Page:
As the subject and co-author of The Art of the Deal, Trump is nothing if not attuned to how to say what people want to hear. Despite his lack of understanding about basic biblical precepts (he’s frequently said that he doesn’t like to ask forgiveness, a central tenet of evangelicalism), Trump has managed to convince evangelicals that he has a newfound faith. It’s no coincidence that Trump’s conversion to Christianity is pinpointed to approximately a decade ago, around the time Barack Obama was running for president for the first time—as Trump has clearly been preparing for this presidential run since that period.

Evangelicals are deeply invested in narratives of redemption. The idea that Christ makes all things new permeates their daily discourse, and is the central tenet of their worldview. One of the most common events in evangelical church services and retreats is the telling of the story of God’s grace in a person’s life. These testimonies have a plotted narrative arc: A person was a bad sinner, and then they read or encountered the Bible and God in some way, and now, while they are not perfect, they are a Jesus follower and nothing can deny that fact.

It is this narrative that evangelicals crave, as it confirms their image of God as victorious over tragedy, as the warrior doing battle to save precious human souls. If a person who used to be a drug dealer and a murderer, for example, can be saved by the grace of God, then God is powerful indeed.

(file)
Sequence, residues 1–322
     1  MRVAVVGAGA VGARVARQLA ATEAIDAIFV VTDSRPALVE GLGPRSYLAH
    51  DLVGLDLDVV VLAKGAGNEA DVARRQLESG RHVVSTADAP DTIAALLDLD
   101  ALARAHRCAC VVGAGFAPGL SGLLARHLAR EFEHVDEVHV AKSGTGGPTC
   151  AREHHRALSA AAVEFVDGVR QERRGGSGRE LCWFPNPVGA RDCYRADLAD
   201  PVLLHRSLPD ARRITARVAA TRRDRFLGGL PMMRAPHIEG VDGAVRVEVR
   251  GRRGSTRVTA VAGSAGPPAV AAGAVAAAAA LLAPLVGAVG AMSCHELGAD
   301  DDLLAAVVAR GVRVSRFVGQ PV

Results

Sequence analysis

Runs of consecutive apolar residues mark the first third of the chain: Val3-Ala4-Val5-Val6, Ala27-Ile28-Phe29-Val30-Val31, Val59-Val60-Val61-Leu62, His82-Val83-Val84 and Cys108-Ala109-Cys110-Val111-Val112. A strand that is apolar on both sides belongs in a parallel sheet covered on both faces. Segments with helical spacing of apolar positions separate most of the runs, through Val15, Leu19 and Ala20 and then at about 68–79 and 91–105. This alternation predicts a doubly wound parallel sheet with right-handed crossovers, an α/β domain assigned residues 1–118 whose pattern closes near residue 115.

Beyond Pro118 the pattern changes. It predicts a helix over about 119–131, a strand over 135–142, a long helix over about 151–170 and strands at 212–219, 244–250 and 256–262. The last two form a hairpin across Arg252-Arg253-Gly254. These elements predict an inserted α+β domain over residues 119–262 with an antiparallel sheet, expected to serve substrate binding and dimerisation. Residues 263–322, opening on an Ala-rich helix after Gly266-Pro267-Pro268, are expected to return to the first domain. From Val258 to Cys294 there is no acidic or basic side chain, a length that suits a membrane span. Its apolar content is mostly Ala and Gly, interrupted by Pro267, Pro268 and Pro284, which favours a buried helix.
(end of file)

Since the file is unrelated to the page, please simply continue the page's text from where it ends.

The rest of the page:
And what better narrative to rehabilitate the image of a philanderer and abuser than to develop his story of conversion and faith in God for print? Here’s the catch: This narrative doesn’t necessarily have to be true to be believable—as long as it doesn’t stretch credibility too far and has enough grand gestures (which Brody hints will be covered in the book), evangelicals stand ready to support their broken, sinful leader as a great man of faith.

Even as Trump continues to golf instead of going to church, and makes statements opposed to the tenets of Christianity, he has supposedly claimed conversion and forgiveness in evangelicalism, and that washes away any and all sins. He’s not perfect, but evangelicals will support him as long as they can continue to have access to the halls of power. God has given them a great gift in Donald J. Trump, and if they have to do a little fudging of his spirituality to prop him up, then so be it.

To the outsider looking in, this whitewashing of Trump’s spiritual life is patently a ploy for political favor with an extremely powerful voting bloc. But to the evangelical concerned about the black and white fundamentals of who is and who isn’t with them, turning Trump into one of them, however flimsily, makes perfect sense. If Trump is a born-again Christian who just struggles at times, then they can ultimately assume that he has the best interests of the evangelical church at heart—interests that are distinctly white and male. They are concerned with ensuring people with uteruses do not have access to abortion, that other people’s sex lives are kept in check, and that transgender people are kept on the fringes where evangelicalism wants them.

And with evangelical darling Vice President Mike Pence endorsing and backing up the president’s alleged faith, evangelicals can sleep soundly at night knowing their agenda is protected by the grace of God himself. After all, the story doesn’t have to be true. It just has to be believed.